"Rocky Entriken" <firstname.lastname@example.org> wrote:
> I agree with Eric, Stock allows too much ($800 shocks? Gimme a break!).
> started life as simply "bolt-on options allowed" but got out of hand to
> where it is no longer really streetable. ST fills the gap, but with only
> classes -- and for the life of me I still cannot really explain the
> difference between S and X. SM is its own clever animal and I think I
> finally figured out the difference between SM and SM2 is SM2 is for
A lot of issues here, huh Rocky? And for what it's worth, I feel your pain.
But yet... things are the way they are for very good reasons.
Let's have a look:
1) Stock and the $800 shock
What we have here is a logical extension of three things
a) The Stock rules must make some accomodation for "wear parts" and their
typical aftermarket replacements. This is to allow normal maintainence to
happen on what are supposed to be (or at least, allowed to be) street
In other words, when you replace a worn-out OEM shock with a Monroe
Sensi-Trak or a Sears Roadmaster, that shouldn't make the car illegal.
b) Our sport is very integrated from a "career progression" perspective,
which keeps the casual competitor in contact with the more hard-core.
As you progress up the ladder from Regional, through Divisional, National,
and finally Pro, one can realistically expect that cars will be better
prepared and more speciallized for competition. At the Regional level,
probably 90% of the cars in Stock are street cars first, race cars second.
At the National and Pro level, that number is probably more like 40%.
But here's the thing - in NASCAR, the NHRA, the various road racing series,
you typically don't have "the big stars" mixing it up with the newbies or
the more casual competitors. If you go out to your local dragstrip with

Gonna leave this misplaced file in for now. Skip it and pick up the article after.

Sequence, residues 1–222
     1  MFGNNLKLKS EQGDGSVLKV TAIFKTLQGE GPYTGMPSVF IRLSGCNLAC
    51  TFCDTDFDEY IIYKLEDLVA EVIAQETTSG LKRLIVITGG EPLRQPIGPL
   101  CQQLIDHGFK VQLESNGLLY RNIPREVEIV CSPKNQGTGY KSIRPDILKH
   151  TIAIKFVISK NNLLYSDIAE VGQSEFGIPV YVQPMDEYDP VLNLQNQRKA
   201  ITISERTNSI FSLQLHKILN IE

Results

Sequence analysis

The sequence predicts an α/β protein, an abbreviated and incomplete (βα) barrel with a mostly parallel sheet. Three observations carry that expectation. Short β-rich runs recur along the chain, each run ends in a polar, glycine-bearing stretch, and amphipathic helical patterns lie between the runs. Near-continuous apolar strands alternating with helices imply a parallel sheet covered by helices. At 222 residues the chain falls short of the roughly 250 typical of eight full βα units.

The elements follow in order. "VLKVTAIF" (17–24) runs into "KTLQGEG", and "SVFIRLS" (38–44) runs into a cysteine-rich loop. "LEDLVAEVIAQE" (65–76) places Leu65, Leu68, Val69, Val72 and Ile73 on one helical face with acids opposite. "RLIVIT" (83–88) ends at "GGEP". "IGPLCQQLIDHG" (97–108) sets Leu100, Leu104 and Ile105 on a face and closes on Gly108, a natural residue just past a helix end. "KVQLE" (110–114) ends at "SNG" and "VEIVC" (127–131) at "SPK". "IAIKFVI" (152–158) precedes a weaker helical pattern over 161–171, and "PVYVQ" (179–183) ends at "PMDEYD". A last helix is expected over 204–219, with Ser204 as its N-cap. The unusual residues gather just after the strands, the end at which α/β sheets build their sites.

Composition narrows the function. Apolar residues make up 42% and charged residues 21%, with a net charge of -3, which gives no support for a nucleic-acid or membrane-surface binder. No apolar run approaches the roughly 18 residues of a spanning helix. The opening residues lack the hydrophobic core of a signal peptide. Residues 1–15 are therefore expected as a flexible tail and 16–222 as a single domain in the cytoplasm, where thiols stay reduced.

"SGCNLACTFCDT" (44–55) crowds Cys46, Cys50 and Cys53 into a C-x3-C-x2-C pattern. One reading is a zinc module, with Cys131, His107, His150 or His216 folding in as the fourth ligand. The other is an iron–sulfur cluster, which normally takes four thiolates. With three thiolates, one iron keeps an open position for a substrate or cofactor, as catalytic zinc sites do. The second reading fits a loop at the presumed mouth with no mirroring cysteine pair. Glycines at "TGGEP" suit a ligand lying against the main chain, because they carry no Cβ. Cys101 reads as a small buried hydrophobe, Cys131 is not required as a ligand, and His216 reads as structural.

your street driver, you won't be lining up against John Force. But it's
entirely possible to take your street-driven Corvette, and find yourself
lined up against John Ames.
This is both a blessing and a curse - the curse being that the rules need
to apply to both sets of constituants, given that the same rulebook covers
both of them.
c) Technology, and especially knowledge, is trickling down from the higher
echelons of the racing world.
Consider this Rocky - I have programmed my own engine management, I do my
own datalogging, I rebuild and revalve my own shocks, and I do so based on
my own data models. I use pretty much the same techniques and technologies
as a modern Trans-Am team (which is itself standard CART practice from 10
years ago and standard F1 practice from 15-20 years ago) It is to a smaller
scale, and it takes longer, but ultimately, it's the same stuff.
And I'm far from unique - lots of modern-day Solo competitors are operating
at a technical level that would have made them Indy crew chiefs in the late
Stuff that was unimaginable as recently as 5 years ago is now commonplace.
> Much simpler when you had basically four levels of prep -- Stock, SP, P
> M -- but unfortunately from the get-go when they made SP they neglected
> make it a logical steppingstone between S and P. So that, even early on,
> had to undo things (notably carbs) to make an SP car a P car.
That's because Prepared is, was, and probably always will be an "island".
Prepared isn't part of the "normal progression"; it is for cars (at least
notionally) prepared to the GCR.
One could make a strong case that BM, CM, and FM should actually be
If one wanted to re-org, the logical progression is:
S->SP->SM->M for production-based, Solo-specific cars
AM for bespoke Solo "formula cars"
Prepared for anything designed to be a GCR-legal car
> Thus, there is really no such thing as a "prepared" car by
> definition any more because what is true of AP is not true of CP and
> is true of FP.
True enough... but I see that as a problem that needs to be rectified, not
a future direction.
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